A court in Sydney has struck down as unconstitutional a law that effectively banned all anti-Pope demonstrations and gestures.
The judges ruled that the law, which allowed the police to fine people protesting Vatican's stance on various issues, limited free speech. The ruling came as the popular Catholic festival of the World Youth Day opened.
AdvertisementPope Benedict XVI, currently on a visit to the country, is to address the faithful later in the week. The festival lasts up to July 20.
The New South Wales state law threatened fines of up to A$5,500 (£2,680) against anyone causing "annoyance" to pilgrims.
The law made it illegal to "annoy" pilgrims and defined "annoy" broadly enough to include having signs, or even wearing t-shirts, with messages that the Pope or his followers disapprove of.
The New South Wales state government introduced the regulations for July only, saying they were the same sort of powers authorities normally had to quell potential trouble at big sporting events.
The No to Pope coalition has denounced as unacceptable the current Pope's utterances on homosexuality, euthanasia, contraception and abortion.
In 1997 a law was passed by federal parliament overturning the legalisation of euthanasia in the Northern Territory, despite 80% of Australians supporting voluntary euthanasia. Many would like to think Papal pronouncements add strength to such conservative turns in public life.
Besides, the pope, or Cardinal Josef Ratzinger as he was known before becoming "infallible" in 2005, played an active role in the suppression of liberal and anti-imperialist currents within Catholicism in the 1980s and '90s. In 1981, Ratzinger was appointed head of the Congregation for the Doctrine of the Faith (the successor to the medieval inquisition) by Pope John Paul II.
Ratzinger used the powers at his disposal — banning from teaching, sacking from the priesthood and excommunication from the Church — to silence those who opposed the drive to extinguish the modernising reforms introduced by the Second Vatican Council in 1965, his critics charge.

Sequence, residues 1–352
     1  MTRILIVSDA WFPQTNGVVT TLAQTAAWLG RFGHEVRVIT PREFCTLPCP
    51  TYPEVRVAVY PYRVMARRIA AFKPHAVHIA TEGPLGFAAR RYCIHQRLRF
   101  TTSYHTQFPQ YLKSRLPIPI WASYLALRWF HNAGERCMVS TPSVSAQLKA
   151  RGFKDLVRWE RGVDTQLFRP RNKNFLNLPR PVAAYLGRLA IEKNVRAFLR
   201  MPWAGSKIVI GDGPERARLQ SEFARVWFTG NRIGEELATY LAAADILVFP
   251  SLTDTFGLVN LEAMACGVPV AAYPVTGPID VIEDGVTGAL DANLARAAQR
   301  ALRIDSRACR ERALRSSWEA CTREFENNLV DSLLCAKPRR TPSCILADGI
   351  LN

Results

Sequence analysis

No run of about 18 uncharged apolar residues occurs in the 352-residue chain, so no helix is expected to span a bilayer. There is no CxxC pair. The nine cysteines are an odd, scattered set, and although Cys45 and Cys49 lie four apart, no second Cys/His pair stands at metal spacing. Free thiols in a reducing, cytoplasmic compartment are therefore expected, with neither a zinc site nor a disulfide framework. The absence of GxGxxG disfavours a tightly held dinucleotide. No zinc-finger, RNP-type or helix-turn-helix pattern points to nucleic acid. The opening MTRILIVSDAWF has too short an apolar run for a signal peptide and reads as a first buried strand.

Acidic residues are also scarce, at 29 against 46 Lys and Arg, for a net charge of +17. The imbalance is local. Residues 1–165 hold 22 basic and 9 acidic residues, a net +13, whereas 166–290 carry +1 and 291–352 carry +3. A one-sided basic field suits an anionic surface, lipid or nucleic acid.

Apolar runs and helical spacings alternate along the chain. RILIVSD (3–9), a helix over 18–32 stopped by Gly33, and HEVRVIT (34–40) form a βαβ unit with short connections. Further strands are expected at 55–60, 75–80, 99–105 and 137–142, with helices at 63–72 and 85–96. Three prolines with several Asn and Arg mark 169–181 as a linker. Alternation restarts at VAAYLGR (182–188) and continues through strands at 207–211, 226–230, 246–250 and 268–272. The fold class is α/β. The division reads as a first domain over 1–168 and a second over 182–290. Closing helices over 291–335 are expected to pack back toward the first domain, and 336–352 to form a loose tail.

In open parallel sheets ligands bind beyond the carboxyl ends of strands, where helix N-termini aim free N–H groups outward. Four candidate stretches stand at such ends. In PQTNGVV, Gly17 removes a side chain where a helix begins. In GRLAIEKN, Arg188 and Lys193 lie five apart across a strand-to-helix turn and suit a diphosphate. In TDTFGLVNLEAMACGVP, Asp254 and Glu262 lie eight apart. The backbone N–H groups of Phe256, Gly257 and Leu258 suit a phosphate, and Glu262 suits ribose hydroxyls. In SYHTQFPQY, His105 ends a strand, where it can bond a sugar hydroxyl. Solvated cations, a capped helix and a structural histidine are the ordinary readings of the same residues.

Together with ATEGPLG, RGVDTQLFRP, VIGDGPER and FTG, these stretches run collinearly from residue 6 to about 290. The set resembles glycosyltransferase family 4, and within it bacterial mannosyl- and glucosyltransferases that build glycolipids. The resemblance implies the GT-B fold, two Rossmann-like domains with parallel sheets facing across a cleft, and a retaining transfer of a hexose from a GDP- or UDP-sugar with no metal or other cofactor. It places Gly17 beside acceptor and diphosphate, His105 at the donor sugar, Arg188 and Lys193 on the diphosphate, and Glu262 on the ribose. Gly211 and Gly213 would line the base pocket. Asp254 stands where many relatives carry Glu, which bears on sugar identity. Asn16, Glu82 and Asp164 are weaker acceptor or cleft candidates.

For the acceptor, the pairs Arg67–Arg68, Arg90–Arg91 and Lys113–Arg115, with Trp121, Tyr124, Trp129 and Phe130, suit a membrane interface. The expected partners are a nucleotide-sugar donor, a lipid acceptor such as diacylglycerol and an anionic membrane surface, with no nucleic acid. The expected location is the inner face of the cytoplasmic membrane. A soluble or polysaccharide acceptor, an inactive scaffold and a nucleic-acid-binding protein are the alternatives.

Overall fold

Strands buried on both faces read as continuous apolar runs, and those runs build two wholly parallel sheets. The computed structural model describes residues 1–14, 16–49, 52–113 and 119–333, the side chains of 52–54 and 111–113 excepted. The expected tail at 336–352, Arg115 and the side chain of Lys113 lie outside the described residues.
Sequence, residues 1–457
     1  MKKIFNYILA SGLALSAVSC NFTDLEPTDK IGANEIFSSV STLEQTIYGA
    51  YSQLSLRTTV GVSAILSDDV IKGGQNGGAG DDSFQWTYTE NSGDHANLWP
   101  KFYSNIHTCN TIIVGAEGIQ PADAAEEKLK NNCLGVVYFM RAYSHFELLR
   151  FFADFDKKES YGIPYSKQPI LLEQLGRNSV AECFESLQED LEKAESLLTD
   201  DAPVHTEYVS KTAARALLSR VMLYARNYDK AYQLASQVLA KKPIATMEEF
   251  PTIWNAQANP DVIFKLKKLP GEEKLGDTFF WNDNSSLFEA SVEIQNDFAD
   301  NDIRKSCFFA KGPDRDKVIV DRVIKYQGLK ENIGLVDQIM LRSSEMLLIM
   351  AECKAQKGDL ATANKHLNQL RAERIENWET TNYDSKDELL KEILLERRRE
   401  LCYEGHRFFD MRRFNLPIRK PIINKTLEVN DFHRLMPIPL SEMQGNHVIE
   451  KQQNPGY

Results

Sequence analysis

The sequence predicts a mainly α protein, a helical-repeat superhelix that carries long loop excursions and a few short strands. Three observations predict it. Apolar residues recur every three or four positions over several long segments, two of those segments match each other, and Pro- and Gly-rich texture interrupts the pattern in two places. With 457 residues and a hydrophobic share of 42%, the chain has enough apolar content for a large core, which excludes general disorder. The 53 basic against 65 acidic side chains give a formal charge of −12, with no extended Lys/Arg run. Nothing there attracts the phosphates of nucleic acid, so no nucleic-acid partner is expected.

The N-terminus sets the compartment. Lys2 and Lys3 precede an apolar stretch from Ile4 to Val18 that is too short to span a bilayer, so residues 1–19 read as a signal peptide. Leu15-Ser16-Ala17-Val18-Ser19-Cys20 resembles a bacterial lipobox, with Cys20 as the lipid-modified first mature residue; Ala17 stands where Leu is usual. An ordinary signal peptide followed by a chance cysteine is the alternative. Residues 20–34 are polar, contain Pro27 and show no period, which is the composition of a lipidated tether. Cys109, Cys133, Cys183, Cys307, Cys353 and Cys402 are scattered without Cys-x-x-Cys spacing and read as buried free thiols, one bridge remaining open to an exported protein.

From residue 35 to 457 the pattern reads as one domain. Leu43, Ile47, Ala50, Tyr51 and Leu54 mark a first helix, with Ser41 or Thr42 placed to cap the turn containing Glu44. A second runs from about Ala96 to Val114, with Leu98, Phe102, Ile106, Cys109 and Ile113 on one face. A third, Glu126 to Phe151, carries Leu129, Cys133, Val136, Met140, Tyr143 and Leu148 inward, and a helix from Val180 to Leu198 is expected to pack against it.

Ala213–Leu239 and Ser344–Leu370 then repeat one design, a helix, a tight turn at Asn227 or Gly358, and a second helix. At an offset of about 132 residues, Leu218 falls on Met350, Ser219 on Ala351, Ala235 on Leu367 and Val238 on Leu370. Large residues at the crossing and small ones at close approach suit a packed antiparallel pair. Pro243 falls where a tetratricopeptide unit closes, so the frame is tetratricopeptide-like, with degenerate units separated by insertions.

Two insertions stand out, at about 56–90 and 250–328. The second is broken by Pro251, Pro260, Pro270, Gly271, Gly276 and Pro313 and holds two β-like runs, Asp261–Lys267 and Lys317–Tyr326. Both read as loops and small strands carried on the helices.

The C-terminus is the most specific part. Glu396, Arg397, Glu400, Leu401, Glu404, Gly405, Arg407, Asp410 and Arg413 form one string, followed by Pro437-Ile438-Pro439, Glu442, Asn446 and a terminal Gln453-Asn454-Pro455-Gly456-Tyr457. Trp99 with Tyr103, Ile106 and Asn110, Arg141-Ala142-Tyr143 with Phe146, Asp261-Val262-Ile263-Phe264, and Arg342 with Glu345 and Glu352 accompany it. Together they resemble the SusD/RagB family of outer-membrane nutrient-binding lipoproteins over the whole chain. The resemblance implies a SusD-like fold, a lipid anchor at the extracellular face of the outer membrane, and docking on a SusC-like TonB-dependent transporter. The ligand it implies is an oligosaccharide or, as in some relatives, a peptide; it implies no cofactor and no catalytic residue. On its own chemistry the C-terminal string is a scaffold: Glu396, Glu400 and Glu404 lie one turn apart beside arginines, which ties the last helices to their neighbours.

They are also angry over the state government's handout of $86 million to the WYD organizers.
Protesters will be telling the Catholic Youth - The pope is wrong: Gays are great and condoms save lives, according to a press release, issued by the Coalition that includes Atheists Sydney, Community Action Against Homophobia (CAAH), the Socialist Alliance and others.
"This Pope is homophobic and condemns same-sex marriage," says Rachel Evans, one of the spokespersons for the Coalition. "Pope Benedict also condemns millions of people to AIDS via his world-wide anti-condom policy." By calling homosexuality an objective disorder, and saying gay sex is evil, Pope Benedict nurtures bigotry and violence, not love," notes organizer Luke Roberts.
"We will hand out condoms at our rally to young Catholics" said Anthony Englund. "Young Catholic people are quite capable of distinguishing what they want from their church's theology and what they don't want. By providing them with a token number of condoms we're reminding them they can make up their own minds about what they believe is appropriate behavior in terms of their personal sexual health, "he concluded.
Soubhi Iskander, spokeperson from the Sudanese Human Rights Association said "the Pope's policy on condoms is a death sentence for millions within Africa. It is an immoral stance. At the end of 2007, there were approximately 33.2 million people in the world with HIV/AIDS. Over two thirds of these are in sub-Saharan Africa.
More than 25 million people have died of AIDS since 1981 — 2.1 million in 2007. Almost 70% of people in the Third World who develop AIDS (as opposed to being just HIV positive) will die due to lack of drugs," Iskander concluded.
Reacting to the court ruling, Sydney Archbishop Cardinal George Pell said the church had not asked for the special rules, and had no problem with the right to protest legally.
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